DNS Conditional Forwarding – dnsmasq

Why would I want to use Conditional Forwarding?

In my case, my local dns server has entries for local hostnames such as m2n.ion.lan, mongo.ion.lan, and tux.ion.lan. If I am using the vpn dns, then these address lookups would fail. By using Conditional Forwarding I can do all lookups locally, except for ones that match the remote top level domain (example.local). Anything that matches example.local would be forwarded to the remote dns server.


  1. Connect to remote vpn server and use local DNS server
  2. Ping server.remote.local (remote FQDN) – fail
  3. Ping server.ion.lan (local FQDN) – success

Of course the remote ping fails because the local DNS server knows nothing about the remote domain. If I was to configure my machine to use the remote DNS server the opposite would happen. I would be able to ping server.remote.local, but a ping to server.ion.lan would fail.

Solution: Use dnsmasq with conditional forwarding to forward *.work.local requests to the remote dns server.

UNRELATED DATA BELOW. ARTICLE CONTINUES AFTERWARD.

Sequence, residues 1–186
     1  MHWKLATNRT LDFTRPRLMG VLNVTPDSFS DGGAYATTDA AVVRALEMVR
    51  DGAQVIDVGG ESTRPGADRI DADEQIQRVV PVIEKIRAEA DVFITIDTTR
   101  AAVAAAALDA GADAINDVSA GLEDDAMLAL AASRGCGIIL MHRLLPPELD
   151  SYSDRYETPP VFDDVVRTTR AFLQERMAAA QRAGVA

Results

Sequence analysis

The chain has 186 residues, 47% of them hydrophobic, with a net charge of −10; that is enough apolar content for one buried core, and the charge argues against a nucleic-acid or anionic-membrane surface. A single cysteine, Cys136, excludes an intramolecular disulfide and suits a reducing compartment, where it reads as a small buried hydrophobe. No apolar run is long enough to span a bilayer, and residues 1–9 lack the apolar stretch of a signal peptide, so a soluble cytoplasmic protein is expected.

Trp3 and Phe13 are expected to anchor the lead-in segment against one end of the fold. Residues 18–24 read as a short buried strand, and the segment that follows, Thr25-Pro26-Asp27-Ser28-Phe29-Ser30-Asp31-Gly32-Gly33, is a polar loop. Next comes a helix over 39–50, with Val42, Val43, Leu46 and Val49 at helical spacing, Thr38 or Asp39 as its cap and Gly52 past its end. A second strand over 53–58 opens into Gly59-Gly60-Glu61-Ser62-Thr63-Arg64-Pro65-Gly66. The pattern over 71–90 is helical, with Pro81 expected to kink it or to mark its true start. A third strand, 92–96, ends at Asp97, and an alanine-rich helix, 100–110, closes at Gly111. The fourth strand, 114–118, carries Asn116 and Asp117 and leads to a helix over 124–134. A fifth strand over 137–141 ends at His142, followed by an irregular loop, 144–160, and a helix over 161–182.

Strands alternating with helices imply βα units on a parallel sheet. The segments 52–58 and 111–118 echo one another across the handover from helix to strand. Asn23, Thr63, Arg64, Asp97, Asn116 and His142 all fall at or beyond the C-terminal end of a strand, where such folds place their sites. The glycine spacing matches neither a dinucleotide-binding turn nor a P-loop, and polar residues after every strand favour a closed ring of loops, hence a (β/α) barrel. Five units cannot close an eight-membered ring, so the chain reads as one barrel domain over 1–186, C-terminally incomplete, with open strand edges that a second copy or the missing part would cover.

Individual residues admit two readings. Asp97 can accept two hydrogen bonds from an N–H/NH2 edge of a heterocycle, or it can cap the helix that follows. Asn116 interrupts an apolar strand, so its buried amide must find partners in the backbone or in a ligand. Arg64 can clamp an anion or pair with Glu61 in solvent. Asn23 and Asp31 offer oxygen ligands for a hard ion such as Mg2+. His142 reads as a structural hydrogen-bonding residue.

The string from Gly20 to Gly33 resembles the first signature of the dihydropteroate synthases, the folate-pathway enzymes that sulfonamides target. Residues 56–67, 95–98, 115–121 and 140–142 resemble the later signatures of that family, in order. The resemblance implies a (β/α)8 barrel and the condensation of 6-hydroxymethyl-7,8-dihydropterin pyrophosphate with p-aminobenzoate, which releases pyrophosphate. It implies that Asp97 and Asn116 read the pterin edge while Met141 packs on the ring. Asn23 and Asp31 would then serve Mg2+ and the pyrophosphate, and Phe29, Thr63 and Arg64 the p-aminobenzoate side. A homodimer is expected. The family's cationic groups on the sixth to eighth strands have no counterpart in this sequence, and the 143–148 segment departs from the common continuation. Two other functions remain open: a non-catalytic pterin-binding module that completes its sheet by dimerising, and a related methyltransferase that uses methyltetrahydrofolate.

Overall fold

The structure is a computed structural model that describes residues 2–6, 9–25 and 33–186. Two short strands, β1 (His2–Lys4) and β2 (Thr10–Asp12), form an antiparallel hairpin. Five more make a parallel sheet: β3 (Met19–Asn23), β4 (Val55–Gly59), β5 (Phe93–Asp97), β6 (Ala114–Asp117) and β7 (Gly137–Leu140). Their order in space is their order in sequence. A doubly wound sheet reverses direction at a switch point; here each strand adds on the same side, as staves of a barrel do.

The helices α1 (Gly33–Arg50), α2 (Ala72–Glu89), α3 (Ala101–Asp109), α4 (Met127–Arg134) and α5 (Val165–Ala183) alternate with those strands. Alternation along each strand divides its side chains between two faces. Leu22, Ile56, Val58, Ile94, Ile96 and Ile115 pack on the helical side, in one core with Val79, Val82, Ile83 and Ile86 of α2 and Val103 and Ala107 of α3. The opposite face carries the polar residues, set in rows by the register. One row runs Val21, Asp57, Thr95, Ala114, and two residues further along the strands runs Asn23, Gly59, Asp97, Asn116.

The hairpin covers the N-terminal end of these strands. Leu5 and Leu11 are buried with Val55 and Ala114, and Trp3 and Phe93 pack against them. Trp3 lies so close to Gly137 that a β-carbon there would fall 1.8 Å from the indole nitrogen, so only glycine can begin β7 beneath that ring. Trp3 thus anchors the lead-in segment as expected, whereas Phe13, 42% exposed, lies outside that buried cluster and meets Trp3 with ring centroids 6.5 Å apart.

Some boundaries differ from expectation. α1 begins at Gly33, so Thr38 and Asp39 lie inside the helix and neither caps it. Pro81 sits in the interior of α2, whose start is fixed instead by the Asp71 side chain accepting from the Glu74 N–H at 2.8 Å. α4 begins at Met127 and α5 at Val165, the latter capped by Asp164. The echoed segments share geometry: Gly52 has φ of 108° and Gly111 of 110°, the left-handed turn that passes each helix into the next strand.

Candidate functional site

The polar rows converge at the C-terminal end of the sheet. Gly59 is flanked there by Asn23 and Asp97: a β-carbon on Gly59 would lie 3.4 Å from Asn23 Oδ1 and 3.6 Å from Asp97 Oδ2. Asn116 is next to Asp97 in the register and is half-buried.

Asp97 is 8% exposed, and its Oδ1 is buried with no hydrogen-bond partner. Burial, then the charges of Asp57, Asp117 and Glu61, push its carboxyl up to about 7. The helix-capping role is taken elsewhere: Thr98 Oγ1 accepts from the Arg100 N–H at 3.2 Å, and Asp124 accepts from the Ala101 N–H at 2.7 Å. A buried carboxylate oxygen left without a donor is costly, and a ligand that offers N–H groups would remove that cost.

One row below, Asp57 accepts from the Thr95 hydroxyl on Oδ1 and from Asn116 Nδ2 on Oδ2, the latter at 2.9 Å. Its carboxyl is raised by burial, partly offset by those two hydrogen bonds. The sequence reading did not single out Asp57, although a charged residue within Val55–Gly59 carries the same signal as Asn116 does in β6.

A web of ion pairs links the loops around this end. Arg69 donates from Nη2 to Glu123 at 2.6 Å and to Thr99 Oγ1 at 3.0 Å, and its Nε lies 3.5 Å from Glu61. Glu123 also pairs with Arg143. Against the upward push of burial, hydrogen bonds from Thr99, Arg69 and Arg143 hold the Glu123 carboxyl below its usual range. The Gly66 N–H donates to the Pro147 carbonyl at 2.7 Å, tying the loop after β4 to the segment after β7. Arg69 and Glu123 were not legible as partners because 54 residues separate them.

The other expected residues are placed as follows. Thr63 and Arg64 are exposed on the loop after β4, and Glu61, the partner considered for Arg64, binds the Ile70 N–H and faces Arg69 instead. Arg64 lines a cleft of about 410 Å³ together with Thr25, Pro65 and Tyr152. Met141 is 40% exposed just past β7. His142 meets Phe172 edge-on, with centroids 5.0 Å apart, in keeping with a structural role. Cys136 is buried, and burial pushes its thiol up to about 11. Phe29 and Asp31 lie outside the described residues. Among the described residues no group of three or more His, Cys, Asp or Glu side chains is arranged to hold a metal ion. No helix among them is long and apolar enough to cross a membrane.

1. Install dnsmasq using your local package manager

2. Edit /etc/dnsmasq.conf

# Tells dnsmasq to forward anything with the domain of remote.local to dns server

# Listen to requests only coming from the local machine

# Do not cache anything
# A decent dns server will already cache for your local network

3. Edit /etc/resolv.conf

# Local LAN Domain
domain ion.lan

# local dnsmasq server

# Your main dns server (dnsmasq will forward all requests to this server)

4. Start dnsmasq

5. Test – ping a local server and remote server using the FQDN

All dns requests will be forwarded to except any matching *.remote.local. server.remote.local will be forwarded to

One thought on “DNS Conditional Forwarding – dnsmasq

  1. Adam

    Thank you , good info but I’m slightly confused. You mention the following domains:


    Does work.local == remote.local?

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